It was an attempt to endorse as sexually sober, sexual activity by couples, not legally married, whether they be of the same or opposite sex.The fellowship did not accept this and, as a result, in 1991 some SA members and groups left SA to form Sexual Recovery Anonymous (SRA), citing the SA sobriety definition’s lack of endorsement of same sex relationships and committed relationships.Many (probably most) were convinced this vote meant that we are already clear on the meaning of traditional SA sobriety and no further clarification is needed.Others were equally convinced this vote meant that "spouse" and "marriage" could be interpreted as understood by each member.Sexaholics Anonymous (SA) is one of several twelve-step programs for compulsive sexual acting-out based on the original Twelve Steps of Alcoholics Anonymous.SA takes its place among various twelve-step groups that seek recovery from sexual addiction: Sex Addicts Anonymous, Sex and Love Addicts Anonymous, Sexual Compulsives Anonymous and Sexual Recovery Anonymous.
Roy wrote, "Ever since attending the April 19 NYC Marathons, I have been examining my own assumptions in the same-sex area. If we validate same-sex sexualizing as normative for the sexaholic in recovery, and it turns out not to be normative, SA will have been promoting an untruth and doing a devilish disservice, supporting the problem instead of recovery.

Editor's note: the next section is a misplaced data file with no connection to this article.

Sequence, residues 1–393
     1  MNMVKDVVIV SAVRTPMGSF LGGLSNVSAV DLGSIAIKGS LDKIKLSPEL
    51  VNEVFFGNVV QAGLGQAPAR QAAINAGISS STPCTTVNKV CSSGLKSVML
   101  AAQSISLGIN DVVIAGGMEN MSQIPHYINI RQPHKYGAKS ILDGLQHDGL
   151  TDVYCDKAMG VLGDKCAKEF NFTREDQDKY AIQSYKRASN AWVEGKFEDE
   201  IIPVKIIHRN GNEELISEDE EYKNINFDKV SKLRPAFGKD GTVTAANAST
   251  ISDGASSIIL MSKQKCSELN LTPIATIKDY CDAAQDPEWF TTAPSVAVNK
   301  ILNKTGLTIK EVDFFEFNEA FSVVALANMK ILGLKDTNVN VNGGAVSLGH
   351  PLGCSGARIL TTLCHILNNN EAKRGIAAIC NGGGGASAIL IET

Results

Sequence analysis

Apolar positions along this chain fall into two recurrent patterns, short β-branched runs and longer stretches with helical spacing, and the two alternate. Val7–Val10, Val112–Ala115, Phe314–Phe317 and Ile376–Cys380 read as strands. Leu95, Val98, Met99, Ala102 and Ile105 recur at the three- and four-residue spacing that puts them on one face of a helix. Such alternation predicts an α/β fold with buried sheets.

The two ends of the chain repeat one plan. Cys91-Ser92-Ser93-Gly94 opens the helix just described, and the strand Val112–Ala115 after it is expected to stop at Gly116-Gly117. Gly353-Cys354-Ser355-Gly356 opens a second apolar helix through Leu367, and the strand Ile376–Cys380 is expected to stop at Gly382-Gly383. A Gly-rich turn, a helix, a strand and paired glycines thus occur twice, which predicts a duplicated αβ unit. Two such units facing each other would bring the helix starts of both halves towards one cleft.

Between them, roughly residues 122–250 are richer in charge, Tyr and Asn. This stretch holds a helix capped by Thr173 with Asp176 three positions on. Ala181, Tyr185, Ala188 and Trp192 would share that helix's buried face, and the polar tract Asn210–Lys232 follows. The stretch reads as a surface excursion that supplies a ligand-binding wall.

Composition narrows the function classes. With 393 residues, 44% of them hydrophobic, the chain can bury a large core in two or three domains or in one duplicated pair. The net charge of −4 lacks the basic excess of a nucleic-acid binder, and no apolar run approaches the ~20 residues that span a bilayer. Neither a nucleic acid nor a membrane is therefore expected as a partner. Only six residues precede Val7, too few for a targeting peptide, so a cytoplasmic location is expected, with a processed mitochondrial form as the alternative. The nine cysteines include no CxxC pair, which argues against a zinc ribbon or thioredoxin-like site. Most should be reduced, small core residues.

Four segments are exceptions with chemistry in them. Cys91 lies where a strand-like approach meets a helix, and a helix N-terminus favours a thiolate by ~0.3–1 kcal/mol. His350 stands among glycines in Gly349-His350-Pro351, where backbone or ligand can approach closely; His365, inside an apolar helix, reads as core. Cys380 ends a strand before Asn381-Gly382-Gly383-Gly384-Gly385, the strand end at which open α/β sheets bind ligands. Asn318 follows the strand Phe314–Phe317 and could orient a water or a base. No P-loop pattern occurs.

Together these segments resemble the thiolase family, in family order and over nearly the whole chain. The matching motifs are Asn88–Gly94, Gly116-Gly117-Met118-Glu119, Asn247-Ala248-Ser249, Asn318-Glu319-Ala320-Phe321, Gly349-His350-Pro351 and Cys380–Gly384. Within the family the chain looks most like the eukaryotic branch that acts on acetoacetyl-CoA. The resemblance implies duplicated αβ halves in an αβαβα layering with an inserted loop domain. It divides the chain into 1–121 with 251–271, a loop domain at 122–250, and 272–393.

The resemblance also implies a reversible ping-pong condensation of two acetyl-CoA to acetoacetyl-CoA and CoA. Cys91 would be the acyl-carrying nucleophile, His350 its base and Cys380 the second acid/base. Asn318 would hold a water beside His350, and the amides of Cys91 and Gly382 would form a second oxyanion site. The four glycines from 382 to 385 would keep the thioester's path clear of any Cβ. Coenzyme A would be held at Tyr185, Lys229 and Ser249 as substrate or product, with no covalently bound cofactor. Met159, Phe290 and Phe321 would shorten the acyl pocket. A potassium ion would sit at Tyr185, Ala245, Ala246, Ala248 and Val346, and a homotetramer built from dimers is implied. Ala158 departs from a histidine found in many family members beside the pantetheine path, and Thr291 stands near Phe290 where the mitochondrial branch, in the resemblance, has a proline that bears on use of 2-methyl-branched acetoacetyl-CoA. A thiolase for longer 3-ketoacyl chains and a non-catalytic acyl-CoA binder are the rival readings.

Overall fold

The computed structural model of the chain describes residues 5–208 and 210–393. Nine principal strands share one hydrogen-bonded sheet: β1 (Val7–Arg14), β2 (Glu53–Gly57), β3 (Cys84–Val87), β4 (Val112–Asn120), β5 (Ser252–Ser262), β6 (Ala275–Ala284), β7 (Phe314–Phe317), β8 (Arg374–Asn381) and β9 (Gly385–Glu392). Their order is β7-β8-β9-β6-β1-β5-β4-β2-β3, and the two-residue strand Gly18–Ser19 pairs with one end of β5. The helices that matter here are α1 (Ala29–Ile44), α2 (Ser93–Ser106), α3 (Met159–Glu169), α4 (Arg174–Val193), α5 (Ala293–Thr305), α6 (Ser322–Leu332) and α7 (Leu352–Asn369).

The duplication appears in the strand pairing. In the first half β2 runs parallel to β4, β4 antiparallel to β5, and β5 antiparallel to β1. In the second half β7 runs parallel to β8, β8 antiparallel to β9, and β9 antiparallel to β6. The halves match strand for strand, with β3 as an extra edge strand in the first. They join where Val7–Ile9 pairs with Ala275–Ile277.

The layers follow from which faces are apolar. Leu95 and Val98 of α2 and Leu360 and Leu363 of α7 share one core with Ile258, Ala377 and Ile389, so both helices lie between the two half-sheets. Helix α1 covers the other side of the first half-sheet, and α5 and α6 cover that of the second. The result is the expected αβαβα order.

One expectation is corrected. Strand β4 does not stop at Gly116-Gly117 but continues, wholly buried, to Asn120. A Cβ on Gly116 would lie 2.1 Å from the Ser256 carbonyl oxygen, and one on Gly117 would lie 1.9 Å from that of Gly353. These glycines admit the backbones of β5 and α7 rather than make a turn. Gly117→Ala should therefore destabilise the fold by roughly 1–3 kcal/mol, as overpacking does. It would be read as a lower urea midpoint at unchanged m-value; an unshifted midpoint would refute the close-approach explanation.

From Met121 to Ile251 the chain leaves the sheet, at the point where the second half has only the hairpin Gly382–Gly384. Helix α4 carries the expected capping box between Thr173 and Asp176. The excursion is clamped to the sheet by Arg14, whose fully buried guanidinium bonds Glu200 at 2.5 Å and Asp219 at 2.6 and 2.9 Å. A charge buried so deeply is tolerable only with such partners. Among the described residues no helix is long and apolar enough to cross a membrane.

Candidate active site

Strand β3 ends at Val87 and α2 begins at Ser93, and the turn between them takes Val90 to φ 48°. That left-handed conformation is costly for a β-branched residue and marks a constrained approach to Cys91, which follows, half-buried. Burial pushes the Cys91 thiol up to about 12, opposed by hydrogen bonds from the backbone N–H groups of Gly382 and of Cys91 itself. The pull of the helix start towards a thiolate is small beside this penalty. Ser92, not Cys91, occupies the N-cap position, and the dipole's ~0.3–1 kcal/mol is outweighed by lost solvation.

SA adheres closely to the AA model, applying all of AA's principles to lust and sexual addiction, and whereas other members of other S-groups define sobriety for themselves, SA is closer to AA in proposing an understanding of sobriety which requires abstinence and is common to the group.
A psychologist involved in sexual addiction treatment, Patrick Carnes, encourages self-defined sobriety in his writings, saying that a no-masturbation definition of sobriety is only appropriate for some sex addicts and that bottom lines can in fact be modified over time. knew ahead of time that this was a controversial subject and often wrote letters from a contrarian perspective.
This controversy continues to circulate within the fellowship.
The General Delegate Assembly (GDA) "is the policy making body of SA." Essay, the quarterly international SA newsletter, states the principle in its Editorial Philosophy: "SA’s sobriety definition is not debated, since it distinguishes SA from other sex addiction fellowships.